Trump ally & ex-sheriff goes on trial over targeting immigrants

Trump ally & ex-sheriff goes on trial over targeting immigrants
A federal court in Phoenix, Arizona will decide whether notorious former Sheriff Joe Arpaio, 85, is guilty of a misdemeanor contempt of court for disobeying a federal judge's order to stop traffic patrols that targeted immigrants.

The former six-term sheriff of Maricopa County was voted out office last November, despite then-presidential candidate Donald Trump’s touting of the self-described “America’s Toughest Sheriff” and his practices at his rallies.

In 2011, US District Judge G. Murray Snow ordered Arpaio to stop immigration patrols, later finding that his officers racially profiled Latinos. Despite the injunction, sheriff’s deputies continued to chase after illegal immigrants during traffic patrols for at least 18 months.

The judge concluded that Arpaio ignored the order because he believed his hardline efforts against illegal immigrants would help his 2012 campaign.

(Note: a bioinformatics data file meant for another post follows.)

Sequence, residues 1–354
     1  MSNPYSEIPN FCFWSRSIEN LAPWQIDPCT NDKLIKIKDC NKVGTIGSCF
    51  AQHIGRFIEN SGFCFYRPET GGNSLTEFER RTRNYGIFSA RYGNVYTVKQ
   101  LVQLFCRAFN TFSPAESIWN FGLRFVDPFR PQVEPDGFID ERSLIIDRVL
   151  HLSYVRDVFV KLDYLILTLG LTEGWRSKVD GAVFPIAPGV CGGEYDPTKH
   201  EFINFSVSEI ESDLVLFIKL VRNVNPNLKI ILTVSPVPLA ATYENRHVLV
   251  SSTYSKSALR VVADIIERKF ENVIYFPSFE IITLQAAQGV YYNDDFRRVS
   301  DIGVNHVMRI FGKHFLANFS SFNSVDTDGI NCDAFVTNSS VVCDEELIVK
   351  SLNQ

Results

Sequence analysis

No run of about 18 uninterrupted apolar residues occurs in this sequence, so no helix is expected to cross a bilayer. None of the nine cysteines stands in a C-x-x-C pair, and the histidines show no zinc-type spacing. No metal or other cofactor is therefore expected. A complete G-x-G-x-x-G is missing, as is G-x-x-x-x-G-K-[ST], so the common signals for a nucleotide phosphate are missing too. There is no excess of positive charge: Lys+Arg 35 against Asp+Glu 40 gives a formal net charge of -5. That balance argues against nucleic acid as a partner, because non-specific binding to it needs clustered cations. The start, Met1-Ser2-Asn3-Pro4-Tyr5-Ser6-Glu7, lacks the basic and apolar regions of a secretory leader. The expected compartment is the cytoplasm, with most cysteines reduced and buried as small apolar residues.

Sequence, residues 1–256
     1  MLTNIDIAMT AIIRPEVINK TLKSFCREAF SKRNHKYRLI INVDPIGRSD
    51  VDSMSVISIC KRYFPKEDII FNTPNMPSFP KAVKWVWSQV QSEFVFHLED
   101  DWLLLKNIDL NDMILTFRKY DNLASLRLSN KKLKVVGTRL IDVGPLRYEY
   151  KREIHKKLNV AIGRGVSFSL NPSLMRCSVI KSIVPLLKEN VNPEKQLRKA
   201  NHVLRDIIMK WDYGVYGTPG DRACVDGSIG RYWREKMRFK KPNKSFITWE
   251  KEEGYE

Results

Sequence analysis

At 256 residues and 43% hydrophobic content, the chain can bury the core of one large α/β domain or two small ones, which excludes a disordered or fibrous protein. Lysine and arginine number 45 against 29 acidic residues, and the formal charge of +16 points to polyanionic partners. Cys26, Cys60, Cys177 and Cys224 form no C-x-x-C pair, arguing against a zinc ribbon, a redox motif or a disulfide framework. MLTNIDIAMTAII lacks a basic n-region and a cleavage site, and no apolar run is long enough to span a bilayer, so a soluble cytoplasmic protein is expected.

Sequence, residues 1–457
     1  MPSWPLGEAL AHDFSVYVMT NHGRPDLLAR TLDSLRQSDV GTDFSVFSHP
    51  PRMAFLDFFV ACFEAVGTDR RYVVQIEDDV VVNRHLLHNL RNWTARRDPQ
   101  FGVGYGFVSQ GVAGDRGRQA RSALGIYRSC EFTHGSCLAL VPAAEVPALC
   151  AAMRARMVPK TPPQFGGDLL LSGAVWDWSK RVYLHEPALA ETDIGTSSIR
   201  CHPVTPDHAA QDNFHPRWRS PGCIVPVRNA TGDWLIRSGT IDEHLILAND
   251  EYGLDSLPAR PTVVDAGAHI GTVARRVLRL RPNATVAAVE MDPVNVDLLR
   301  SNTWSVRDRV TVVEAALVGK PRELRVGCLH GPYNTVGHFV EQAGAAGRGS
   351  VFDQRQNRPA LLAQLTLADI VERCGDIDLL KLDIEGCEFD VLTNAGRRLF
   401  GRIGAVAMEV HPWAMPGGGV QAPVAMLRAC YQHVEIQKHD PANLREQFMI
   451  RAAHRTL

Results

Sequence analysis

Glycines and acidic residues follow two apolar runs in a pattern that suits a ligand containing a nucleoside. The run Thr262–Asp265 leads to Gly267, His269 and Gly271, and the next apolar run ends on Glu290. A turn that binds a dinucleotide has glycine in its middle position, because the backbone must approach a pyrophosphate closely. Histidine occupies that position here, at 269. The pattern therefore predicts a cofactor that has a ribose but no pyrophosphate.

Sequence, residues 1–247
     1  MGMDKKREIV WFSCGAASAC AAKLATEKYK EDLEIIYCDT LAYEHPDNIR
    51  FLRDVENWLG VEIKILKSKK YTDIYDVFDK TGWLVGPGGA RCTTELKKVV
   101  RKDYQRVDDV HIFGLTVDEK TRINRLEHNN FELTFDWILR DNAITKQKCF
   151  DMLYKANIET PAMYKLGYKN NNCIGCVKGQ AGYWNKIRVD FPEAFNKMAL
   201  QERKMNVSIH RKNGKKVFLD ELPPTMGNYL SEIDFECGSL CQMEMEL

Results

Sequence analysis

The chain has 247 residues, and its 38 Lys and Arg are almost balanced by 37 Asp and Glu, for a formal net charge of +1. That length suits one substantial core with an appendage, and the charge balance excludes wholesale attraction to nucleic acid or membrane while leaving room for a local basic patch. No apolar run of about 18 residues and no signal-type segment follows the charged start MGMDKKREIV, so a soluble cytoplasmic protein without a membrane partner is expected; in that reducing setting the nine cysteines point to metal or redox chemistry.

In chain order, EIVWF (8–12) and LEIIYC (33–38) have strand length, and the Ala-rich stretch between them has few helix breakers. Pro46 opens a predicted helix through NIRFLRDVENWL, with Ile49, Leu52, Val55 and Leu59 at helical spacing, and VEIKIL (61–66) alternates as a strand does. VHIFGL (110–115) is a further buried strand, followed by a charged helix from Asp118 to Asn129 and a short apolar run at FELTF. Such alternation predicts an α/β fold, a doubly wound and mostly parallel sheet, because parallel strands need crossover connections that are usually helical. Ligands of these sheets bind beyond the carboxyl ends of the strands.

The US Supreme Court on Monday rejected the former sheriff’s request to let a jury instead of a judge decide whether he is guilty.

"This is really just a fight about immigration law and what it means," said Arpaio’s attorney, Jack Wilenchik. "And Arpaio is trying to do what a good cop does, which is to enforce the law."

His defense argues that the former lawman is being charged for the crime of cooperating with US immigration officials.

Arpaio’s attorneys subpoenaed Attorney General Jeff Sessions but he hasn't responded.

"The point of calling Jeff Sessions is to say what constitutes cooperation with the federal government," Wilenchik said. "That constitutes the defense in this case. Under federal law, if you're doing something and the federal government wanted you to do it, that's not a crime."

Unlike other local sheriffs, who left immigration enforcement to other US authorities, Arpaio made hundreds of arrests in traffic patrols targeting immigrants. He also carried out numerous business raids in which his officers sought out immigrants who were using fake IDs to get jobs.

The US Department of Justice charged Arpaio in October. If convicted, he could face up to six months in prison.